4. The discussion of who would win a battle between Perrin and Elayne's army is irrevelant because neither of them had any desire to fight that battle. Both knew the more important issue was getting their armies to Rand to fight the Last Battle. Basically Perrin wanted the Two Rivers to maintain the *exact same relationship to Andor that had existed for several hundred years* with the exception that he would now be it's lord...primarily to ensure that Andor didn't try to infringe on the status quo. Elayne wanted him to swear fealty in exchange for formalizing that lordship. The only real obstacle was Elayne's arrogance getting in the way of a common sense agreement of exactly that (Perrin had no problem swearing fealty provided it didn't alter the defacto autonomy the Two Rivers had long enjoyed). Fortunately Morgase was there to guide her daughter to a solution all parties could accept. Of course after the Last Battle there could be some issues; Perrin/Faile now ruling Saldaea makes him an uncomfortably powerful vassal and Elayne desperately needs tax revenue to rebuild Caemlyn. On the other hand both are going to be too busy in the short run for conflict between each other to rise to the front burner; Elayne rebuilding Caemlyn and Perrin rebuilding Saldaea. Elayne merging Andor-Cairhien and Perrin dealing with the vastly expanded population of the Two Rivers and how to manage governing both Saldea and the Two Rivers (unlike Andor-Cairhien they are unlikley to become a single entity). Over the longer term I expect that Elayne would be tempted to try to bring the Two Rivers more firmly under her control, although I suspect that Faile is more open than Perrin to a dynastic marriage between one of their children and one of Elayne's that results in the joined line becoming High Lords of the Two Rivers (and perhaps Stewards of all Western Andor).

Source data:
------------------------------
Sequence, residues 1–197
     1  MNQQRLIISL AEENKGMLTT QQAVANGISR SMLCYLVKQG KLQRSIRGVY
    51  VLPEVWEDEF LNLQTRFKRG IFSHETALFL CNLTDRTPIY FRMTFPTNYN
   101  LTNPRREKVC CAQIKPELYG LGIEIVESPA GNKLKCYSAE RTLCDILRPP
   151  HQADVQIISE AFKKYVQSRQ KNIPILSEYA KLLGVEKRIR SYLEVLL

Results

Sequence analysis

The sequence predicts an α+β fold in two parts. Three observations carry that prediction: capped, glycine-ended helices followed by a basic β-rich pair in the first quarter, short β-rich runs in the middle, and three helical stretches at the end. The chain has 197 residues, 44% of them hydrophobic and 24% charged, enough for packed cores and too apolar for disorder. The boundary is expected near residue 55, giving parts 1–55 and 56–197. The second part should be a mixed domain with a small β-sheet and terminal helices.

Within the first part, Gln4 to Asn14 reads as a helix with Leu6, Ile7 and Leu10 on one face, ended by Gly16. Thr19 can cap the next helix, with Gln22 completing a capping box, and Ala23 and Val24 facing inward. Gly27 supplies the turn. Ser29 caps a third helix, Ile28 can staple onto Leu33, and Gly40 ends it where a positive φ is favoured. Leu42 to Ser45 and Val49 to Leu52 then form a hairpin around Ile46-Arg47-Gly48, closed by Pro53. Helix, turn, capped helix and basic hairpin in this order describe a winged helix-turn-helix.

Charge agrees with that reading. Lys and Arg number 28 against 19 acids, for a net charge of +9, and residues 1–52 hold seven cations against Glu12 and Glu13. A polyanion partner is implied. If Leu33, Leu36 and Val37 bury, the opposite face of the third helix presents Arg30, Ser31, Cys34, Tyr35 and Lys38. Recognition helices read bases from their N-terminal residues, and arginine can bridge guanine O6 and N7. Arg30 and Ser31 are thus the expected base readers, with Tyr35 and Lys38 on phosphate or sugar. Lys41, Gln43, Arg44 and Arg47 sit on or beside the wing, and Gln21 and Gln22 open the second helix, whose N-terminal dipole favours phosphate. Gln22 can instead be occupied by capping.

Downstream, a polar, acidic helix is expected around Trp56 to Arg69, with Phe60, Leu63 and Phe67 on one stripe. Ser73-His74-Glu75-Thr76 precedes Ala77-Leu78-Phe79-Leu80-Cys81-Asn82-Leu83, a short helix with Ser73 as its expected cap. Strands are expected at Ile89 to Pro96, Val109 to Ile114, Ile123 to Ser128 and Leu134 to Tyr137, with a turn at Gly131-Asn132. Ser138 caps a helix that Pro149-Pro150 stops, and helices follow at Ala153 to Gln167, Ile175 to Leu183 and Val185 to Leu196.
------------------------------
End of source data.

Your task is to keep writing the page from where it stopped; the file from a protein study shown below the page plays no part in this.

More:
5. I think Jordan had good intentions of writing strong woman characters and he did have some success there. Many of the most admirable characters are women. Unfortunately his personal experience and/or generational bias apparently resulted in him thinking being a nagging harridan is part and parcel of being a strong woman. That is not surprising since it remains a sadly persistent view of strong women today (at least in america). It doesn't ruin the books, but it does make it harder to like many of the female characters. That said, I just reread the first book and, while the first time through I found Nynaeve very unlikable (and for many books to follow), this time I had an entirely different view of her. Its easier to understand her motivations having experienced her full story once. That probably won't make her travels/bickering with Elayne more fun in subsequent books,but I am more likely to put all the blame on Elayne since she was one of the few characters I liked less as the story progressed and Nynaeve's being on her constantly will likely seem more justified.